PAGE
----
2013-02-04 12:49:37 - Tom Kuhlmann, one of the world’s best known e-learning designers and currently number three in the ‘World’ list of the Top Ten Movers and Shakers in corporate online learning, discussed the ‘what, when and how of interactivity’ with an invited audience at The Cellar at Vinopolis, on London’s south bank, at the end of January.
Hosted by Omniplex, an official certified Articulate partner and an Articulate Centre of Excellence, as a service to its clients and customers, the event gave Tom, who’s particularly associated with the Articulate suite of rapid authoring products, an opportunity to outline his personal philosophy with regard to building online learning materials. He began considering ‘interactivity’ by posing three questions:
• What content needs to be in the ‘course
• What’s the right ‘look and feel’ for the course?
• What does the learner have to do?
“Once you start to consider the learner, you start to get involved in ‘interactivity” he said and suggested that people interact with online learning materials for only three reasons: in order to navigate; collect information, and make decisions.
“Avoid creating a ‘clunky course” Tom advised. “Get to know how to use the authoring tools you’re using – otherwise you’ll create a clunky course which will only generate negative feedback
Tom said that in addition to creating content that’s relevant to the user, designers should also consider the visual aesthetic. He said: “A good looking course isn’t necessarily a great course but it won’t get the user’s attention if it doesn’t look good. I’d rather have a good looking bad course than a bad looking bad course!
“Give the learners control of the learning. Give them a map – to enable them to see where they’re going. Let them choose how to learn – allowing those who need more and those who need less information to find the course helpful.
“Give the users a reason to explore the course and collect the information they need. It’s the ‘push versus pull’ argument: let the users decide how they get the information they need
Tom outlined a simple course scenario:
• Challenge understanding – find out what the users already know and, therefore, what they need to know.
• Offer some Choices
• Choices produce Consequences
Tom went on to outline a ‘rapid interactivity designer’ model: the ‘SAID model This comprises:
• Situation – during which the user is given relevant, clear expectations
• Advice – the user has to explore and collect pull advice to get the necessary information to make an informed decision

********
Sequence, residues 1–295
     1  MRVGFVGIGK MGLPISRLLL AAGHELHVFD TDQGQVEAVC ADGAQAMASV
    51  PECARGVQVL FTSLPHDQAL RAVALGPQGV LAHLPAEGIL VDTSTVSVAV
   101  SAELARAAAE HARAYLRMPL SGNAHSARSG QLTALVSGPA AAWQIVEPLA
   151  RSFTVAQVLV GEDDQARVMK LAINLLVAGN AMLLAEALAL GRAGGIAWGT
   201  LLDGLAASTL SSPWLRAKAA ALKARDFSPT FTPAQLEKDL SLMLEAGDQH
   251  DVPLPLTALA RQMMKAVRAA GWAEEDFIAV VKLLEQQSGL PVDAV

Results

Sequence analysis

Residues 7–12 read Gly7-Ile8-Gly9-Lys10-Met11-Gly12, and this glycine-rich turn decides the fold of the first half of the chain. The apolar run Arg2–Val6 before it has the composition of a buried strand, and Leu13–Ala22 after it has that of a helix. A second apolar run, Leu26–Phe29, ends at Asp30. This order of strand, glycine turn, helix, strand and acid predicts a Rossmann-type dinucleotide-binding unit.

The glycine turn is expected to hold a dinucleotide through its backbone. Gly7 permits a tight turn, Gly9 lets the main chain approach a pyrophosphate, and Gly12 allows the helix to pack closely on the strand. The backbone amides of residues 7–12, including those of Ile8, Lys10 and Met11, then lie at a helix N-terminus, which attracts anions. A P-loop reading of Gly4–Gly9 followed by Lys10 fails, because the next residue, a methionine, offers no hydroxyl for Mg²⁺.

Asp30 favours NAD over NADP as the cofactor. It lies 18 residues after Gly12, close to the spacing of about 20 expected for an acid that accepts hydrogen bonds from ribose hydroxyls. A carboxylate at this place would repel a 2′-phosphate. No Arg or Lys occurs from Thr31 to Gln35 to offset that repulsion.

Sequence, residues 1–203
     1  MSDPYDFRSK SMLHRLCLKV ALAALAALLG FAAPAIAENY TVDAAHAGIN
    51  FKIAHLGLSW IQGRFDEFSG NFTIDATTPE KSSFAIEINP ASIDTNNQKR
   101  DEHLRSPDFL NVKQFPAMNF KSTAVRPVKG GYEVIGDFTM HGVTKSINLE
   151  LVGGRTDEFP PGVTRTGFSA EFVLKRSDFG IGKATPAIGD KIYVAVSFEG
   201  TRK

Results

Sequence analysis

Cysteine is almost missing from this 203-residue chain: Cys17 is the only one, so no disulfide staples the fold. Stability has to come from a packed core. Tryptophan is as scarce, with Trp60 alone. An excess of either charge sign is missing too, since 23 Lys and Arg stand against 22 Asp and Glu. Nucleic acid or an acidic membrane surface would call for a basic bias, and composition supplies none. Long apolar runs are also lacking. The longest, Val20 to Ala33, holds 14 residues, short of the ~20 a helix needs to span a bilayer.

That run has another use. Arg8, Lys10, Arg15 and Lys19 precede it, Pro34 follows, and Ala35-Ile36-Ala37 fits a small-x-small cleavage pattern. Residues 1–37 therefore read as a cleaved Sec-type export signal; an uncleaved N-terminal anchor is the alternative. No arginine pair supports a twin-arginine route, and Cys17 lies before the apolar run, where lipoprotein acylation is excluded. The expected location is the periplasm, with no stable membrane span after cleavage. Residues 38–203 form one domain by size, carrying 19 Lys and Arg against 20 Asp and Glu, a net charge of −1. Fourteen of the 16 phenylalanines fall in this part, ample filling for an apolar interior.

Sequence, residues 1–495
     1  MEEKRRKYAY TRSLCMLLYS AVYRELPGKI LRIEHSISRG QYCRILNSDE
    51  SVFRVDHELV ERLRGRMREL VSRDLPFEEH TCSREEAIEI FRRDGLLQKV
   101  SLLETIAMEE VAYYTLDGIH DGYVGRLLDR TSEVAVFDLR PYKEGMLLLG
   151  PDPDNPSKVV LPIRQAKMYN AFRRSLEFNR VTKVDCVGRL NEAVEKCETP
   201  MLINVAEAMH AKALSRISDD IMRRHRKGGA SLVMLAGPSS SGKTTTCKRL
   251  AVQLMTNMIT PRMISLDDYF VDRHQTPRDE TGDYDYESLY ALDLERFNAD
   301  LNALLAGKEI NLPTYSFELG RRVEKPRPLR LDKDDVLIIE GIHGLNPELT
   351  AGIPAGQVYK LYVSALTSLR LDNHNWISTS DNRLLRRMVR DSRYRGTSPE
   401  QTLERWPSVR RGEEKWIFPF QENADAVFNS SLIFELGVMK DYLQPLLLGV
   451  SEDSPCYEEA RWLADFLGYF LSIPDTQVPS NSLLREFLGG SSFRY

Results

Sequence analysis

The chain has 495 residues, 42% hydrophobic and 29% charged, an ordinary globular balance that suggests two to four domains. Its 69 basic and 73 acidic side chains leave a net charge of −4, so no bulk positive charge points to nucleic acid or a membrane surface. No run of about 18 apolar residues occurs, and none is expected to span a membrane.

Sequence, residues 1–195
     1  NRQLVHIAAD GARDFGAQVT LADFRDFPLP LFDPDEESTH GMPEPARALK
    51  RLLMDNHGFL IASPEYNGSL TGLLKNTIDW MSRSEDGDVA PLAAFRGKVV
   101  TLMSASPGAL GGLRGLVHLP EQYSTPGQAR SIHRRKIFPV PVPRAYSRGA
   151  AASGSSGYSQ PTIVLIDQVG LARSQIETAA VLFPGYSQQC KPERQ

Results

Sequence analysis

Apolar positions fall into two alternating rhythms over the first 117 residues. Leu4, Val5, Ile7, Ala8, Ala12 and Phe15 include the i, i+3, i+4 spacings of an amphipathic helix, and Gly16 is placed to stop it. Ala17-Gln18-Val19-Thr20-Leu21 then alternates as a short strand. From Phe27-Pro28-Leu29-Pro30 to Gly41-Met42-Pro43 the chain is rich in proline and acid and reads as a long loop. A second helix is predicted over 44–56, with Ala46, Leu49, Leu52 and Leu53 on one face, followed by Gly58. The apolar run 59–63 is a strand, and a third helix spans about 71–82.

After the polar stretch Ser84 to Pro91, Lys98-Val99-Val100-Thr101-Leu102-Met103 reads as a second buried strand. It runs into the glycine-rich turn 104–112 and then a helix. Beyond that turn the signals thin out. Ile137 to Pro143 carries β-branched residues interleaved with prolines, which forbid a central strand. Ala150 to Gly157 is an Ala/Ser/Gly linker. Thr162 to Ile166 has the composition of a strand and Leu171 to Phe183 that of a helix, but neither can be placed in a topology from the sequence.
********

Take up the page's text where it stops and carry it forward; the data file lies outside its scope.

• Interpret – the advice to make a
• Decision – and get the appropriate feedback
The learner has control over the ‘interpret’ section of the course. The decision aspect is based on the ‘challenge/ choices/ consequences’ scenario.
Commenting at the end of the event, Katy Burrows, of Thomas Cook, said: “I’ve been following trends in e-learning and social media developments for some time. Tom’s presentation ‘tied everything together’ and the models he discussed – especially the ‘SAID’ model – provided some good ideas too.
Sharon Probets, of the South West London and St George’s Mental Health Trust, said: “Tom’s presentation was very inspiring. I took lots of notes – and got lots of ideas from today’s event.
“We produce a great deal of e-learning for ‘compliance’ purposes. The challenge is how to make this attractive she added.
“Tom’s ideas about letting the learners control the learning experience and generating tension in the online learning materials demonstrate that ‘interactivity’ is real ‘value for money Today’s event has been really worthwhile
Tony Wardle and Maria Brugel, of BAT, said: “We were here looking for practical tips. The ‘SAID’ model that Tom outlined was very interesting. It’ll be helpful to give this model to our subject matter experts
Priya Murray and Lisa Davies, of Travelex, commented: “Tom’s presentation provided a great many insights. We found it to be very informative and interesting
The Articulate suite of rapid development e-learning tools is based on the view that, in today's fast-paced business environment, organisations need to empower people with expert knowledge. This means that organisations must be able to produce employee training/ learning materials quickly and effectively. In turn, this means that the tools that produce these materials must not only be able to create exceptional e-learning content but also be easy to use.
Omniplex is a leading provider of e-learning and related tools and services for:
• informal learning (ad hoc, peer-to-peer, social learning),
• formal learning (authoring solutions, learning delivery and tracking, and learning reinforcement) and
• training, support, content development and integration services
Based in St Albans, Hertfordshire, in the UK, and in Montreal, Canada, Omniplex is an official certified Articulate partner and an Articulate Centre of Excellence. It supports clients across Europe and North America. Further information on Omniplex can be found at www.omniplex.co.uk and www.omniplex.biz
Further information from:
Bob Little, Bob Little Press & PR, +44 (0)1727 860405; firstname.lastname@example.org